The person that submits a personal injury claim feels that someone else’s negligence has caused that accident victim’s injury. Still, it is not always easy to prove that a given person has been negligent, or that he or she was more negligent that others at the accident scene.
General questions that help to identify the negligent party:
Of the 2 parties present at the time of the accident, which of them was less careful? The absence of care is viewed as negligence. What was the location of the injured person at the time of the accident? Was he or she where rules and common sense would have him or her situated?
Indications that the person at-fault might be someone that was not at the scene of the accident.
The negligent person that caused the accident was working for someone else at that moment in time. The accident took place on property that was dangerous or in a deteriorating condition. In that case, the property owner might be held liable for the injuries sustained by those that visited that unsafe piece of property.
Was the accident caused by a defective product? If the answer is “yes,” then it could be that the maker of that product could be held responsible for any injuries. Yet that assumes that someone was injured. If no one got injured, then there would be no basis for a personal injury claim, regardless of how unsafe the marketed product might be.
What happens if more than 2 people were involved in a given accident? Who should be held responsible for the resulting damages and injuries?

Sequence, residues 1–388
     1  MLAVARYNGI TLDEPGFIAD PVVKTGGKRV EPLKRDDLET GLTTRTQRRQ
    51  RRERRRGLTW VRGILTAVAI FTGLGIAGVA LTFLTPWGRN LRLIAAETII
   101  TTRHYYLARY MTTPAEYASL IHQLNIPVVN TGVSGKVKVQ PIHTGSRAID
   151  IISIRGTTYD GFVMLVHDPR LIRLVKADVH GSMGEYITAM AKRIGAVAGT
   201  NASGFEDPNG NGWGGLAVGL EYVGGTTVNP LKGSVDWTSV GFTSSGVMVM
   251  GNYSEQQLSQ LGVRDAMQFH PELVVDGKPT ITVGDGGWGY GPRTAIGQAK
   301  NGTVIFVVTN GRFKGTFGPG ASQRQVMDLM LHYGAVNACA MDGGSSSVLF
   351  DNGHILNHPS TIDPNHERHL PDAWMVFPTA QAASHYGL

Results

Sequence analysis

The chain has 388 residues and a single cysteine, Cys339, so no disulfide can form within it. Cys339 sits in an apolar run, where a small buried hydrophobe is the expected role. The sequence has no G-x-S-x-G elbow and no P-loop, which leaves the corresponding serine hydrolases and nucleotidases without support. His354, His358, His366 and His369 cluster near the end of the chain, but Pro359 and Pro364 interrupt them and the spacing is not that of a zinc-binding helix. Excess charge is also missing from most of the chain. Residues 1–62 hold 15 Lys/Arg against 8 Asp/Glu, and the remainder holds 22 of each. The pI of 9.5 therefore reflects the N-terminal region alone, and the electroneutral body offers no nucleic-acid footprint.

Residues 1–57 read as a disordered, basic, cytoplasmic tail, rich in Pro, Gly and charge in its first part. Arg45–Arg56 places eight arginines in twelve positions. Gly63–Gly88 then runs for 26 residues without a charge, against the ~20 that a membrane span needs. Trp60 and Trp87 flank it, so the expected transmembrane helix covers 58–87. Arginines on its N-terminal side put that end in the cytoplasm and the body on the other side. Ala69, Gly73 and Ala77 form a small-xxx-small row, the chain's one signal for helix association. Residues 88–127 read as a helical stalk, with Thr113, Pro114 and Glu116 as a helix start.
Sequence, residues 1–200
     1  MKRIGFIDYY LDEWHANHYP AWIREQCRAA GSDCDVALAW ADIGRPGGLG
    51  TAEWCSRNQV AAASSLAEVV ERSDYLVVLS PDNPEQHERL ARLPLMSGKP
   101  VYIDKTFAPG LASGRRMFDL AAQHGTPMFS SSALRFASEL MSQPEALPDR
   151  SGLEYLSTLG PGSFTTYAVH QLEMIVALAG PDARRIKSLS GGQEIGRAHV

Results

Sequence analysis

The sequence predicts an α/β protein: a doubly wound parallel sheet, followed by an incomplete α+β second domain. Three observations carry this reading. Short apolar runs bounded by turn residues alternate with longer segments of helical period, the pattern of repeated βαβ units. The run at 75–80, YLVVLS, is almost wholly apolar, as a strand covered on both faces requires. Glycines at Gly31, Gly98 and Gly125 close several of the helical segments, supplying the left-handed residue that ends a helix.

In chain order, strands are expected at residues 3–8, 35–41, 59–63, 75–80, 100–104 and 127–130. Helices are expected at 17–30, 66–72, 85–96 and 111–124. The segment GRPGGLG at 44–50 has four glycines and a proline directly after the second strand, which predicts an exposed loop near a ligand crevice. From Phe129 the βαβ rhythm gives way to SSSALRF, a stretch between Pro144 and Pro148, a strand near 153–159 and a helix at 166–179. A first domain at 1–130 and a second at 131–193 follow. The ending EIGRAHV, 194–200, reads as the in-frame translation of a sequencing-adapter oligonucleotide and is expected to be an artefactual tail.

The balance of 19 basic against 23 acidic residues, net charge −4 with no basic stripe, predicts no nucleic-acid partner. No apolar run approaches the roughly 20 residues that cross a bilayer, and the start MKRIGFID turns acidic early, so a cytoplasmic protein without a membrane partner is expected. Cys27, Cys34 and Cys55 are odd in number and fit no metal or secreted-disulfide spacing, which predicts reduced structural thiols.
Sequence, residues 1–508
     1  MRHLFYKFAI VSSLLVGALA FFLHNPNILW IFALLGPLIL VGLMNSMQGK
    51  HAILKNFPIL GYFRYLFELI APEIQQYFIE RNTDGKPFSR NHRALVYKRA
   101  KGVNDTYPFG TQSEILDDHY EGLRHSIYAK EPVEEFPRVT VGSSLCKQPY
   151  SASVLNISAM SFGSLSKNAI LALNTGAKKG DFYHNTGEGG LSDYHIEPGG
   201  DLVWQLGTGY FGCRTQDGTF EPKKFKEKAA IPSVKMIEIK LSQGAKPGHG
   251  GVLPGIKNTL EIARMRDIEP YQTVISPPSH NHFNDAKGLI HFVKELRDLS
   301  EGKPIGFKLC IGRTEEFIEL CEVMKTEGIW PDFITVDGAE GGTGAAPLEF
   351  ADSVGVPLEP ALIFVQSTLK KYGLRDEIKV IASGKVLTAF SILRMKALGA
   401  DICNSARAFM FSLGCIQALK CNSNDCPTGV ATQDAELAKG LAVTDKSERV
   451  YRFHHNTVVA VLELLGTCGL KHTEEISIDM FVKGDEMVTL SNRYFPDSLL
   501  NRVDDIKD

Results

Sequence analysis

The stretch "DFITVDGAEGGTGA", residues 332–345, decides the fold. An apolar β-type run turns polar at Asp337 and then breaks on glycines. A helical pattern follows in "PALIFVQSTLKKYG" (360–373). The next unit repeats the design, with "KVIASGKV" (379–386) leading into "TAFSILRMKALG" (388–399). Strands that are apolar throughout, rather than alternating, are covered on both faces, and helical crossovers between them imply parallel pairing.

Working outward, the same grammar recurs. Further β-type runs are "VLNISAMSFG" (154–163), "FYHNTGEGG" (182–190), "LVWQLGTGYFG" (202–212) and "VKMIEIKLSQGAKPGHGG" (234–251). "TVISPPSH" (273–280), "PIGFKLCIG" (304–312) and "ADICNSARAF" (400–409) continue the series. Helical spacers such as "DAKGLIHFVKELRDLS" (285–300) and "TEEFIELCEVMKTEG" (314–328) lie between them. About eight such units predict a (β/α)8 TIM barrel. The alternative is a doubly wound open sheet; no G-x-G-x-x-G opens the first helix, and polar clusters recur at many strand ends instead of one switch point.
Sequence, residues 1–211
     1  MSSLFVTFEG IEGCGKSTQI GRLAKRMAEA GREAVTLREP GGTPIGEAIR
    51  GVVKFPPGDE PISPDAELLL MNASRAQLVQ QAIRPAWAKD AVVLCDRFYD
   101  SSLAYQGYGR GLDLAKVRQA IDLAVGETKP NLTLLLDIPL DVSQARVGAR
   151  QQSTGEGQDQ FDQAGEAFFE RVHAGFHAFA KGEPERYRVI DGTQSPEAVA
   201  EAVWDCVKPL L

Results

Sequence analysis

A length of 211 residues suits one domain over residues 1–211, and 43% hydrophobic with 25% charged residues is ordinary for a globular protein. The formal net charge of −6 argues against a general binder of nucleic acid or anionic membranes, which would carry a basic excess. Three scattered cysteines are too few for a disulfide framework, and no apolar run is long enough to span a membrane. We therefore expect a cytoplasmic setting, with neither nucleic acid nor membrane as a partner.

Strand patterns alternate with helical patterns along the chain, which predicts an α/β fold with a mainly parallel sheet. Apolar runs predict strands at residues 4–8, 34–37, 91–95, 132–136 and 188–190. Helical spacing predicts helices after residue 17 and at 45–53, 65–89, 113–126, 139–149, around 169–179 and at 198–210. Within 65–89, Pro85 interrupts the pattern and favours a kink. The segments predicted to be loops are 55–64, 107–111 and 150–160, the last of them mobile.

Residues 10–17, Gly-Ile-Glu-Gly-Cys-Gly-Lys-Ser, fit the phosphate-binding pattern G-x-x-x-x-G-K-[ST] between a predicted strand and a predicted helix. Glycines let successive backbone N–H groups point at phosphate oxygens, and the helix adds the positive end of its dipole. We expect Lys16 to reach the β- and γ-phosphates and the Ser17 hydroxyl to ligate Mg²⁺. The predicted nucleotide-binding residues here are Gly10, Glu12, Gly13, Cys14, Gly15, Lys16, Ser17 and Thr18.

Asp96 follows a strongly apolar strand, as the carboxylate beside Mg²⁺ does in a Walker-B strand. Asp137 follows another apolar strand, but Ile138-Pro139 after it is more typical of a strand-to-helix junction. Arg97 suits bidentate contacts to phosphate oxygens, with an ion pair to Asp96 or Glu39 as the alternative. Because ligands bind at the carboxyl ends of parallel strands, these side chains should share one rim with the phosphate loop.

In that situation, the injured victim must identify one party, the person that seemed least careful, and sue that same person. The party that brought the lawsuit with the help of a personal injury lawyer in Garden Grove, then needs to settle the resulting lawsuit with the insurance company of the person charged with responsibility for the crime.
After that insurance company has covered the damages and injuries, it can seek reimbursement from the insurers of the other involved parties. Each of those parties must contribute to the requested compensation. Yet those other parties do not constitute a formalized group. Hence, the members of that informal group cannot act together, in order to honor the request from the person that has been held responsible for the multi-party accident.
Instead, each of them must respond separately to the charges made by the person that has been forced to pay the costs of the identified expenses, those created by an act of negligence. Each such party must pay some portion of the money that needs to serve as a fair reimbursement. Delivery of that payment should serve as a reasonable step in an equitable resolution.